IMHO after so many years of false start I think 2011 especially 2H we shall see volume on >60" sold. With that I would think it would usher in 4k, and as Gary mentioned, more and more studios are adopting 4K scans anyway

OTOH high fps like 1080p60 will take more infrastructure change and industry negotiations. Ultimately though it should all converge at 1080p120 or 2160p120 but I'm not holding my breath.
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post #12 of 3692 Old 01-26-2011, 01:58 AM
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BluRay adoption is actually more or less equivalent to DVD adoption. Not sure how exactly that's failing unless you see the world as Steve Jobs does.

I fully expect someone to figure out how to make 8 megapixel displays that can display passive 3-D at full resolution, because more or less the only chance 3-d has in the home is as a passive technology. And I imagine some video processing or equivalent will allow that to work with existing 3-d BluRays.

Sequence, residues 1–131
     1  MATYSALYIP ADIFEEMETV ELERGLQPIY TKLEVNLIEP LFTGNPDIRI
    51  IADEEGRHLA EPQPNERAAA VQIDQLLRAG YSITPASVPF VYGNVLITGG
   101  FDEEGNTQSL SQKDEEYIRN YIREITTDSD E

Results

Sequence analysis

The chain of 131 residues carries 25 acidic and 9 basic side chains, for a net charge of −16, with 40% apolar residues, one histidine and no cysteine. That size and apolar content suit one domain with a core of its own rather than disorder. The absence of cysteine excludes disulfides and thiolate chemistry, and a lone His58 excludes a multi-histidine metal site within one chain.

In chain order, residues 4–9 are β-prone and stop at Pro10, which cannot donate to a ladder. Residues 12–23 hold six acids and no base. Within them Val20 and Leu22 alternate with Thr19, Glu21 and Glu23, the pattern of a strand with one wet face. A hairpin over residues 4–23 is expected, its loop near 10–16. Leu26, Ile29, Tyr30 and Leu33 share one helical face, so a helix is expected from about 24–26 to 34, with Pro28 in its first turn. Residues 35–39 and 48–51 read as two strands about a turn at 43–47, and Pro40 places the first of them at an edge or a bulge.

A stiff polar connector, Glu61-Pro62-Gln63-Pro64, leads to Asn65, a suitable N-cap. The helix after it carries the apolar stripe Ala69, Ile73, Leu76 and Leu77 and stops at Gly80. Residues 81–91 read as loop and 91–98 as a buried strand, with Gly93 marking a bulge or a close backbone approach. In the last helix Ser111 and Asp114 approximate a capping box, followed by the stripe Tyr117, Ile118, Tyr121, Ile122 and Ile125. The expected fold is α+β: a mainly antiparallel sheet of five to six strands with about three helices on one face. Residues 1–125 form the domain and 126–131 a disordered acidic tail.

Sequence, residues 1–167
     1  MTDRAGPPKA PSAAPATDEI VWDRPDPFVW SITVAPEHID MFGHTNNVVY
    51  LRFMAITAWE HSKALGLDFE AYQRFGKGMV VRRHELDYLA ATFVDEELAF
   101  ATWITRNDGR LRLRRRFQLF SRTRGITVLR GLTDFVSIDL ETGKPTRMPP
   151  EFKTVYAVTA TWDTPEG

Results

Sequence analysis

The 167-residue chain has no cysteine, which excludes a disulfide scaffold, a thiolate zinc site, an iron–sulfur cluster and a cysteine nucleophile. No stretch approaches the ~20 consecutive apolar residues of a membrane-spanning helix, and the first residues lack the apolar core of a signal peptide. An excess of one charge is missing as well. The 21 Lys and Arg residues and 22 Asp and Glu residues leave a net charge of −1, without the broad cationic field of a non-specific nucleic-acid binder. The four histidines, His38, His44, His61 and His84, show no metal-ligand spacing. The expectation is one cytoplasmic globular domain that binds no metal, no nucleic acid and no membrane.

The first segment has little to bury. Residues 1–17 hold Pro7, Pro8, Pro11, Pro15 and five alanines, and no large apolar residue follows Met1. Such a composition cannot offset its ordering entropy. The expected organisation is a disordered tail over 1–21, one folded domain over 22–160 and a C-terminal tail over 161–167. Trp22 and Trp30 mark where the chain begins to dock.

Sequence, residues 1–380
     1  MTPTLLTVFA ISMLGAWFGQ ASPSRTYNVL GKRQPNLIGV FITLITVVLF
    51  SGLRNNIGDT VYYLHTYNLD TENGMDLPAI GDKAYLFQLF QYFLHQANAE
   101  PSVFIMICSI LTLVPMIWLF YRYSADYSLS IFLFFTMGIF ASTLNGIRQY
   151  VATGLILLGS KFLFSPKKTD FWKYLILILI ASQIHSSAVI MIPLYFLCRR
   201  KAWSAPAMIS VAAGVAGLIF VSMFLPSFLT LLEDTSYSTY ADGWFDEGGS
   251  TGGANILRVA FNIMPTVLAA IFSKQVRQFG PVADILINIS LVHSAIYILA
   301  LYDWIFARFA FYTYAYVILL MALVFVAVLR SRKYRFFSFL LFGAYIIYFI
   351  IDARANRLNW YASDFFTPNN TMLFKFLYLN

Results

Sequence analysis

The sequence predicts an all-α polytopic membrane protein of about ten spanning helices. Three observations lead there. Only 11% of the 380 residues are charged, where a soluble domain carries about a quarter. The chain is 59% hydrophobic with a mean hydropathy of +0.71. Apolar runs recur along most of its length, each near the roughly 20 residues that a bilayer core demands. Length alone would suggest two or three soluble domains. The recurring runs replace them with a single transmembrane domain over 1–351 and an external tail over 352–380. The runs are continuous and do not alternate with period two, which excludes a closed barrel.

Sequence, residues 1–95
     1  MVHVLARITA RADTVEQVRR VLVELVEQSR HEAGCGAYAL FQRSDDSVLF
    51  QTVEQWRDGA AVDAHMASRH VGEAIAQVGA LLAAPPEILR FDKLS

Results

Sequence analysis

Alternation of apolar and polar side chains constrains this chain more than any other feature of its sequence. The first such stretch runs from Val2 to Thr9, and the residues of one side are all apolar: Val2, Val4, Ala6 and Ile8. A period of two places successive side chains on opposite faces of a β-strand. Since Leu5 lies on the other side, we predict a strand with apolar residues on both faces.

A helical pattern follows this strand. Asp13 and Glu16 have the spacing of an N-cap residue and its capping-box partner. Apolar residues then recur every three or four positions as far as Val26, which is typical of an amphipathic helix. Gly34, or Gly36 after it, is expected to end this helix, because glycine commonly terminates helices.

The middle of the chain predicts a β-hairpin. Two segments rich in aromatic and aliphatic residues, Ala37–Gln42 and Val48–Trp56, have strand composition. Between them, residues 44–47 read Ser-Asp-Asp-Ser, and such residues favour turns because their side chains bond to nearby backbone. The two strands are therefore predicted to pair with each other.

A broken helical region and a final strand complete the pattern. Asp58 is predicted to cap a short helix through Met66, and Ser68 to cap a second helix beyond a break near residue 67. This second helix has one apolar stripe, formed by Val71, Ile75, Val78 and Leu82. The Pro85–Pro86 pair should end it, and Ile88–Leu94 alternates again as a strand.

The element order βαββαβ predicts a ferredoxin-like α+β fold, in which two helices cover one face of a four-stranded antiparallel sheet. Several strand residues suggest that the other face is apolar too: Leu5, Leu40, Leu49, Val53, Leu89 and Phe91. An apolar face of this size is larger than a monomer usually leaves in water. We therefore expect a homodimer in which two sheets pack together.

There is no difference in HDMI cables. If you can see the picture without visible dropouts or sparklies, the cable is working at 100%. No other cable will display a better version of that picture. You're simply wrong if you think there is a better digital cable than one that is already working. (Oh, and plasma didn't die because of logistics problems, nor does OLED ship in big boxes because it comes from Korea.)
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post #13 of 3692 Old 01-26-2011, 10:06 AM
 
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ctually, this year was the best year for Blu-ray format. The HD DVD - Blu-ray battle just delayed it. There is far more media companies that produce media on blu-ray than streaming companies. The movie streaming works but the problem is the current bandwidth, and it can't do the new audio formats. Get out of the 90's and go out and buy a new receiver that is capable to decode the new audio formats with blu-ray. Sorry, after you hear Dolby TrueHD or DTS-HD Master Audio. Then you think that Dolby 5.1 with streaming sounds like crap! Oh, I never flip discs anymore..I just use a Sony 400 disc blu-ray changer.